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From a Certified Pro
Certified Energy Auditor
Residential Comfort & Energy Efficiency
Monday, October 04 2021
If you just bought a home - congrats!
Chances are very high that you got a home inspection during the process and it has a list of things you need to do to keep it up to "code".
But, I am willing to bet that the list is missing many important things that can make your home super cozy and more energy efficient.
In fact, the false sense of security that most get from a good home inspection report can lead to years of spending money on wasted energy.
And all you get for all that extra spending is less overall comfort.
Talk about a LOSE/ LOSE situation...
Here are 5 reasons to get a $100 BGE or Pepco energy audit if you just purchased your home.
1. Turn it to a WIN/WIN!
Making an early comittment to the Home Performance with ENERGY STAR® program can often times lead to a project that pays for itself!
This table was taken from a recent Pepco energy audit report. The program for BGE and Pepco is virtually the same.
They decided to get the work done and the cost of their air sealing and insulation project was $1538.64 after Pepco incentives were applied.
Annual projected savings are modeled at $197 per year making it an 8 year payback in energy savings (with added comfort as an extra benefit!).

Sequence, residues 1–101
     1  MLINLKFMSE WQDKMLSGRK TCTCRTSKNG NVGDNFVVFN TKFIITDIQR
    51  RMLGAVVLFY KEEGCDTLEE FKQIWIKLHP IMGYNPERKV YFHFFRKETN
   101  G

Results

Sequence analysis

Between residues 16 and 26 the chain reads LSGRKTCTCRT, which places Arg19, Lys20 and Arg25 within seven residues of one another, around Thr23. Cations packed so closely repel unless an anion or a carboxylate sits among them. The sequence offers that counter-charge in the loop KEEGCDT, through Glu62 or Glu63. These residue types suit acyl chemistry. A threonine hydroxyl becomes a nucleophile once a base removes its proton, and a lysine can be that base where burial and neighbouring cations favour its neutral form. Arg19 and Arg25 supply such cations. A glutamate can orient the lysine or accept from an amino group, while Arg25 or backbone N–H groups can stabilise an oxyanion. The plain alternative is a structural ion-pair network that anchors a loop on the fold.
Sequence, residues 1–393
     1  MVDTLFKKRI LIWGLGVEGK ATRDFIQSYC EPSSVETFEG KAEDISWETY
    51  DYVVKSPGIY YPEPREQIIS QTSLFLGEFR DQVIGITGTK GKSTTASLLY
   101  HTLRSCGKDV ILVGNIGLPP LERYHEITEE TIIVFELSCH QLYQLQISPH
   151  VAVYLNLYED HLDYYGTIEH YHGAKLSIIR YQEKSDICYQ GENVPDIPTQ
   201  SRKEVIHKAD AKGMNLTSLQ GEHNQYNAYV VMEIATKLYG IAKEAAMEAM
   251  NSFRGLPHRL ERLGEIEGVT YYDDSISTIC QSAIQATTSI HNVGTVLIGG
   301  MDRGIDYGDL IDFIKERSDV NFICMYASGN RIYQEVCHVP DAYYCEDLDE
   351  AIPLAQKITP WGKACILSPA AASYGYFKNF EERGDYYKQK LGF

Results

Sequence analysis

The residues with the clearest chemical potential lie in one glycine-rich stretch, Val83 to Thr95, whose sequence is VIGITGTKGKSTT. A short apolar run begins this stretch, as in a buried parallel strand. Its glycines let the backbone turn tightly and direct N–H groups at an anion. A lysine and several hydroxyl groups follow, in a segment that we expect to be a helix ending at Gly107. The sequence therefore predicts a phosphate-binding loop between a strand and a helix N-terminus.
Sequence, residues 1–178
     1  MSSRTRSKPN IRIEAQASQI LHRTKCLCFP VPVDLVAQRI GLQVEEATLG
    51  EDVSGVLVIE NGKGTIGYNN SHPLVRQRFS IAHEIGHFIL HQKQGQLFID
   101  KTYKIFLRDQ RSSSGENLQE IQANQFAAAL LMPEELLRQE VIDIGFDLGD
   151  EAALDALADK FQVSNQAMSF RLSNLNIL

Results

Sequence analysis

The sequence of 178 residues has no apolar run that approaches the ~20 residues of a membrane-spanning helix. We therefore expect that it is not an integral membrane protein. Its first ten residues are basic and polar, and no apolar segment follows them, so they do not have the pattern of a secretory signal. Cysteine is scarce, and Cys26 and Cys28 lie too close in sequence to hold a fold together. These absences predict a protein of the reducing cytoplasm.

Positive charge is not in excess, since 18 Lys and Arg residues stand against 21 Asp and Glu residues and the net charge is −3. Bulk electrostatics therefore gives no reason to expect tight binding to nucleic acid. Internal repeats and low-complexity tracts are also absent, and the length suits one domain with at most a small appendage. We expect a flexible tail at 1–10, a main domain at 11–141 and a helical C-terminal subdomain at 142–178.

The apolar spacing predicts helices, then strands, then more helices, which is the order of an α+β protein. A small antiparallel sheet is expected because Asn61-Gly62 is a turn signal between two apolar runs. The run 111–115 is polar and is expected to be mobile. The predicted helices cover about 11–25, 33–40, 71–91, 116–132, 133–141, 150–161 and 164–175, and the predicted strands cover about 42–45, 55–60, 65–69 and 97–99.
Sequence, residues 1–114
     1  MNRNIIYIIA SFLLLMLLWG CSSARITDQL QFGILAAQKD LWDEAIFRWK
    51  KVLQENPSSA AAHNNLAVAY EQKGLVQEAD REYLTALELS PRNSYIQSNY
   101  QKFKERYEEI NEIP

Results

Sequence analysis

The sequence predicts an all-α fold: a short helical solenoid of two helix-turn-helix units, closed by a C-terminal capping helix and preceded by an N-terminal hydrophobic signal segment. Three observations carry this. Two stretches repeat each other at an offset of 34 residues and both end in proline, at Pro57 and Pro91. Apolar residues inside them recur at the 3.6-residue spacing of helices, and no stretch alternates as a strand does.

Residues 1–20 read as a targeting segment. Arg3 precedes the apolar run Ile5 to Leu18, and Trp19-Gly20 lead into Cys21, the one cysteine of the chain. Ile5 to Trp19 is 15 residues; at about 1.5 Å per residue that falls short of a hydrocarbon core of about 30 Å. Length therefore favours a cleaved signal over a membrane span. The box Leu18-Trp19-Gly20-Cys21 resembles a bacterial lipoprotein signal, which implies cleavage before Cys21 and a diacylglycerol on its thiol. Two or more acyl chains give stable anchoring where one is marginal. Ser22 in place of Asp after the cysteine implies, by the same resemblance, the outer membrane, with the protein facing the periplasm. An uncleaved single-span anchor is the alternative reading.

This scenario makes it clear that getting a comprehensive energy audit as soon as possible can really save you money.
For twenty years this family was allowing roughly $158 of energy to escape their home unchecked.
Total losses at the end of twenty years: roughly $3170.00!
And, you can't even put a price tag on the better comfort they missed out on!
2. Find, Correct and Seal Connections to the Outside
Most houses have connections to the outside that are obvious and there are some that are not so obvious. These "pathways" are also reasons for high humidity in a home and unwanted pests.
An energy audit, unlike a home inspection, will test your new home's "shell" using a blower door test or pressure test. With the use of a large industrial fan, we can detect the leakage in a house and seal problem areas up so the house is less humid in summer and drafty in winter making it much more efficient. And, since bugs take the same pathways air takes, you will experience less pests as well.
Moisture problems in a house can take many forms. Most home inspectors will not be able to detect potential problems with poorly sealed or incorrectly insulated ducts which can sweat and cause drywall or hidden mold issues. An energy audit will evaluate all of these possibilities so you can get a handle on things early on.
Most homeowners, old and new, are surprised to learn during an energy audit that their home's exhaust fans are not functioning properly. I find that most times they vent directly into the attic area which can increase the chance for moisture issues throughout the home.
It is really hard to assess the fan with no tools. Exhaust fans around moisture sources that do not function properly will lead to higher overall indoor humidity levels.
A properly vented and working exhaust fan goes a long way towards sustainability. Your ceiling will not peel or turn colors if the moisture is properly exhausted.
3. Get the Real Info You Need About Your Insulation
The point here is simple. Most home inspectors see the pink stuff in the places they know it is supposed to go and they check the "yes" box on the form and move on to the next task.